Spotting Isle of Wight sea eagles

In our recent film with naturalist Nick Baker, we met Forestry England’s White-Tailed Eagle Project Officer, Steve Egerton-Read.

Steve grew up on the Isle of Wight and it’s where he’s worked for most of his adult life. He first saw a white-tailed eagle in Skye two years ago and felt they should be in southern England and it is where they belong. We’re working closely with Forestry England and the Roy Dennis Wildlife Foundation to get the eagles across to the Island and monitor their progress. Here we learn more about the project to reintroduce the eagles to the Isle of Wight.

240 years ago, the last breeding pair of white-tailed sea eagles abandoned their precarious home on Culver Cliff near Sandown.

These birds, now one of the rarest breeds in the UK, were once widespread along the coast of southern England, but were previously eradicated by hunting.  Now Forestry England and the Roy Dennis Wildlife Foundation, working with many conservation partners in England and Scotland, have initiated a programme of reintroduction starting here on the Isle of Wight.
The objective is to establish a viable population of white-tailed eagles that perhaps one day can link up with their cousins living in Scotland, Ireland and those on the north coast of Europe.

The Island’s stunning coastline, which combines white chalk and sandstone cliffs with numerous shallow river estuaries, was seen as the ideal location. Being the last home in the south of England for these great creatures surely sealed the deal. Six young eagles were released on the Isle of Wight in August last year.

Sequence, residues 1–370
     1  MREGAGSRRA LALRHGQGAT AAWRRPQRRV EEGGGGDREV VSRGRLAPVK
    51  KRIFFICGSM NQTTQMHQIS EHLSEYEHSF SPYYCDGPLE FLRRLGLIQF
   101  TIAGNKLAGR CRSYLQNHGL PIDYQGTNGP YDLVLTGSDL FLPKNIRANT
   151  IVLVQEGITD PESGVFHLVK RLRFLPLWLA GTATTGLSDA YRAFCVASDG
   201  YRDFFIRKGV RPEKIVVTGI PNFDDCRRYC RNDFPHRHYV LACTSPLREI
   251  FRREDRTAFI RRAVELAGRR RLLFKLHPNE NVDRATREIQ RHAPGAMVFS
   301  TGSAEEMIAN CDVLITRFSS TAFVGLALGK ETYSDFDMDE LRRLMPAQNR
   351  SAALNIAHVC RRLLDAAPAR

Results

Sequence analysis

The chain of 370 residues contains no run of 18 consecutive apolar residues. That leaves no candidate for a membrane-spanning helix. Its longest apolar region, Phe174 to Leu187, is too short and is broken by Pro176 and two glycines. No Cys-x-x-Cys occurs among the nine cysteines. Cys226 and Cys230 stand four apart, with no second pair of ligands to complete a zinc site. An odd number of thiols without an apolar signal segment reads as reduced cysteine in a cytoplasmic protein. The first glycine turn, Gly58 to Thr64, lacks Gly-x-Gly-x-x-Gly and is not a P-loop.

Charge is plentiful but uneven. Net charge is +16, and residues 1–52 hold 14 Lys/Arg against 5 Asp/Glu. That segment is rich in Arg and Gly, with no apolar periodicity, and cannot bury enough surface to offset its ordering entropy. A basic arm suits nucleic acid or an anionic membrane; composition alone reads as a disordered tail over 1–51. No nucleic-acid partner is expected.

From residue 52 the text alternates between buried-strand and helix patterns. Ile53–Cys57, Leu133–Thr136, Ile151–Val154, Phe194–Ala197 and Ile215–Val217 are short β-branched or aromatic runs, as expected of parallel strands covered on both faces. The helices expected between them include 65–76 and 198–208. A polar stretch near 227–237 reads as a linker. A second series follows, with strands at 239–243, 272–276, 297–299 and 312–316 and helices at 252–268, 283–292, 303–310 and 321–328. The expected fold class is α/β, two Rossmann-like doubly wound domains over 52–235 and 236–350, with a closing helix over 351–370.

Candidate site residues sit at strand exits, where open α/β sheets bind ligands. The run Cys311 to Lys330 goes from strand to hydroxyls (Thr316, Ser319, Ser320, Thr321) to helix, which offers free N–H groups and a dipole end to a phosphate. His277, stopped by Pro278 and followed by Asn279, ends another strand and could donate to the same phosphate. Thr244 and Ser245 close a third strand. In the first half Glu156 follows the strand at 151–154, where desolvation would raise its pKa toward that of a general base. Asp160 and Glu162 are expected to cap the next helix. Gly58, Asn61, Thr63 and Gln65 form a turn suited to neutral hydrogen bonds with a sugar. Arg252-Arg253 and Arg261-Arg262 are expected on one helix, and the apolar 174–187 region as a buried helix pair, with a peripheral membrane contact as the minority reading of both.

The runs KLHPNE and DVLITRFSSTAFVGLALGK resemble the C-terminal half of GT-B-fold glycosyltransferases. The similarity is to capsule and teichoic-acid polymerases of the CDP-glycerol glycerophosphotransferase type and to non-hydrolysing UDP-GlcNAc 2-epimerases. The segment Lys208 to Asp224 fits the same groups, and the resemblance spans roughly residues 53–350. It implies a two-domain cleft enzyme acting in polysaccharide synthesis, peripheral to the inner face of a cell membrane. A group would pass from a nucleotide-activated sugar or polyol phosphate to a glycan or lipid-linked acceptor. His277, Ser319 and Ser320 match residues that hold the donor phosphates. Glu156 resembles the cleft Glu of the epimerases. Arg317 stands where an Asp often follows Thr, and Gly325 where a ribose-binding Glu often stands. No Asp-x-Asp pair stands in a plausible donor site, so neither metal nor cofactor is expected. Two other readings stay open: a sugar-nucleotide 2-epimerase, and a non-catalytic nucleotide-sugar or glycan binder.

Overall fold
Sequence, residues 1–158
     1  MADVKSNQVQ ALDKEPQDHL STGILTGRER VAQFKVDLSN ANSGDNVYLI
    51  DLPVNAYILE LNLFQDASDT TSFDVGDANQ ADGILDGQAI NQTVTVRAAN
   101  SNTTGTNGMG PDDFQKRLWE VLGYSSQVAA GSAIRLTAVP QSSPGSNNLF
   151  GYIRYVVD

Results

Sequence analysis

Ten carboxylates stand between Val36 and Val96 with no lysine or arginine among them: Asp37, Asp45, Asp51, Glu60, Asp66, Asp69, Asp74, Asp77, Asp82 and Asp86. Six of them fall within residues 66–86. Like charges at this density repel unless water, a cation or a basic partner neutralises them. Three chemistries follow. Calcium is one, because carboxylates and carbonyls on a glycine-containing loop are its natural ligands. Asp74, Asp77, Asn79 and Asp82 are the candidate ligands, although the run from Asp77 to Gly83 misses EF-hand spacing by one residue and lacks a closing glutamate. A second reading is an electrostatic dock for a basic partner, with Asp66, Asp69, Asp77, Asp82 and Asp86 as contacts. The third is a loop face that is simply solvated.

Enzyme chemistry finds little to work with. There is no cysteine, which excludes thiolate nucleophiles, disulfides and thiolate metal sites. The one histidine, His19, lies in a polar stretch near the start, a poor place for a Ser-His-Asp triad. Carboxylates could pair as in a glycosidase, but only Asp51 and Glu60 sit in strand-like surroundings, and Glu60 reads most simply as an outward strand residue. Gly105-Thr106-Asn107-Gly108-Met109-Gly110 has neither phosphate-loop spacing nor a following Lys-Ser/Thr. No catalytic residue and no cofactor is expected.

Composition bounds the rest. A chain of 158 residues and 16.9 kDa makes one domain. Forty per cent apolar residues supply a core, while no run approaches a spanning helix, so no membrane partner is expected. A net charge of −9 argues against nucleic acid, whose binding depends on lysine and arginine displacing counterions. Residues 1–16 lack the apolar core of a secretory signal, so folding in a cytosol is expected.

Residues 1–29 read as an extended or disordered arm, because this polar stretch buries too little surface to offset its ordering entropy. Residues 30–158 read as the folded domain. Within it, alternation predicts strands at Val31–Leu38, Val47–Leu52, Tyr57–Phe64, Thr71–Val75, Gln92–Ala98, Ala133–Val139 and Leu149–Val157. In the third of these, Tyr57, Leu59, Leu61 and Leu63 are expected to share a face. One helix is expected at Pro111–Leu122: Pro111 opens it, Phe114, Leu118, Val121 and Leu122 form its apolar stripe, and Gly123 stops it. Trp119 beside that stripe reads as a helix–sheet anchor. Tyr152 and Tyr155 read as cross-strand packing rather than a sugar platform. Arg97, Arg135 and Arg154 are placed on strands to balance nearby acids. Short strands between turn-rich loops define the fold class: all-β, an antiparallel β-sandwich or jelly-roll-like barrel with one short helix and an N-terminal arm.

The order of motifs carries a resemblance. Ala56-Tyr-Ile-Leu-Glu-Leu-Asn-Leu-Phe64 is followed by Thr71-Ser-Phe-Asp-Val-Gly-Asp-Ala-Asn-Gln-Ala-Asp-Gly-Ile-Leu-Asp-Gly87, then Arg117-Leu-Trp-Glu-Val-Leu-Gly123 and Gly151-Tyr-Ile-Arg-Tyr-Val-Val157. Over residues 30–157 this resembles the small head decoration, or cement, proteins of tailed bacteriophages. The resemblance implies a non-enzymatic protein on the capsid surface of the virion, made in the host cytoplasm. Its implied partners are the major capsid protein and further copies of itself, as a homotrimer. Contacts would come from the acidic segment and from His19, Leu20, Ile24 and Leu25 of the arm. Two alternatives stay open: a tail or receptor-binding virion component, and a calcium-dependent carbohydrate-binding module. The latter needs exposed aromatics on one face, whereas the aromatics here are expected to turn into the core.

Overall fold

Where can you see white-tailed eagles?

In order to minimise disturbance to the young eagles whilst they settle in, the precise location of the birds’ release is still a closely guarded secret. However, they have been spotted many times soaring over many parts of the Island. All of the birds have been fitted with tracking devices which show that they have flown far afield, as well as extensively exploring the Island. If you do think that you have spotted one, but are not sure, then it’s likely that you have seen a more common buzzard.

When you do see one, they are pretty distinctive. Although as youngsters they don’t yet have the signature white tail, their wings are truly enormous, with a span of almost 2.5 metres, making them Britain’s biggest bird of prey. They have a huge yellow beak and are affectionately called the ‘flying barn door’ in bird watching circles.

Their wings are truly enormous, with a span of almost 2.5 metres, making them Britain’s biggest bird of prey. They have a huge yellow beak and are affectionately called the ‘flying barn door’ in bird watching circles.

More birds are due to be released this summer and for the following three summers after that. There is permission for a maximum of up to 60 birds which could be released in total.

This doesn’t mean that the Island will be overrun by these sea eagles. Reintroducing a lost species like this is complex and it will be viewed as a success by the team if they are able to establish around six to eight breeding pairs in the long-term. White-tailed eagles don’t breed until they are five or six years old, so by the time the last birds have been released, it’s hoped that some of the original eagles may be close to producing young of their own.

Steve will return in the autumn to give us an update on the progress but in the meantime, while out and about on the Isle of Wight, remember to keep one eye on the sky and see if you can spot a white-tailed eagle.

And make sure you follow @seaeagleengland on Twitter and Instagram for the latest updates.

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